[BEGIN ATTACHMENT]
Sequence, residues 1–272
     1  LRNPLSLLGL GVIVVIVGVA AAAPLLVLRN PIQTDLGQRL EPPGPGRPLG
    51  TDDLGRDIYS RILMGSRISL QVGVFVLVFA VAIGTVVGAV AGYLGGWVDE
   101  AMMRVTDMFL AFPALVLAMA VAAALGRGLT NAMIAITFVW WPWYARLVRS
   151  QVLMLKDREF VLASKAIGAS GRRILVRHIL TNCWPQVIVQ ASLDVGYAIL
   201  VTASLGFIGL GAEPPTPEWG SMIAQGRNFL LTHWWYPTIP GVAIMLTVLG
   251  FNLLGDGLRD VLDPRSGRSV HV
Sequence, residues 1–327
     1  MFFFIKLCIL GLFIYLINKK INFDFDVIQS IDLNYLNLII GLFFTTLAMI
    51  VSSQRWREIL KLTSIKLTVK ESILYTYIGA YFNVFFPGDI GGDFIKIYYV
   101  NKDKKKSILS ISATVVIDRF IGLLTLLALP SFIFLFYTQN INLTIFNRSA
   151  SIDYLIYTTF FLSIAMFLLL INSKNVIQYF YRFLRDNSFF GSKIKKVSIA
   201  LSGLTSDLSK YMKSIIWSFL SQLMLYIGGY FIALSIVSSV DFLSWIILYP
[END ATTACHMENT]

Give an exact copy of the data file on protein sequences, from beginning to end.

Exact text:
Sequence, residues 1–272
     1  LRNPLSLLGL GVIVVIVGVA AAAPLLVLRN PIQTDLGQRL EPPGPGRPLG
    51  TDDLGRDIYS RILMGSRISL QVGVFVLVFA VAIGTVVGAV AGYLGGWVDE
   101  AMMRVTDMFL AFPALVLAMA VAAALGRGLT NAMIAITFVW WPWYARLVRS
   151  QVLMLKDREF VLASKAIGAS GRRILVRHIL TNCWPQVIVQ ASLDVGYAIL
   201  VTASLGFIGL GAEPPTPEWG SMIAQGRNFL LTHWWYPTIP GVAIMLTVLG
   251  FNLLGDGLRD VLDPRSGRSV HV
Sequence, residues 1–327
     1  MFFFIKLCIL GLFIYLINKK INFDFDVIQS IDLNYLNLII GLFFTTLAMI
    51  VSSQRWREIL KLTSIKLTVK ESILYTYIGA YFNVFFPGDI GGDFIKIYYV
   101  NKDKKKSILS ISATVVIDRF IGLLTLLALP SFIFLFYTQN INLTIFNRSA
   151  SIDYLIYTTF FLSIAMFLLL INSKNVIQYF YRFLRDNSFF GSKIKKVSIA
   201  LSGLTSDLSK YMKSIIWSFL SQLMLYIGGY FIALSIVSSV DFLSWIILYP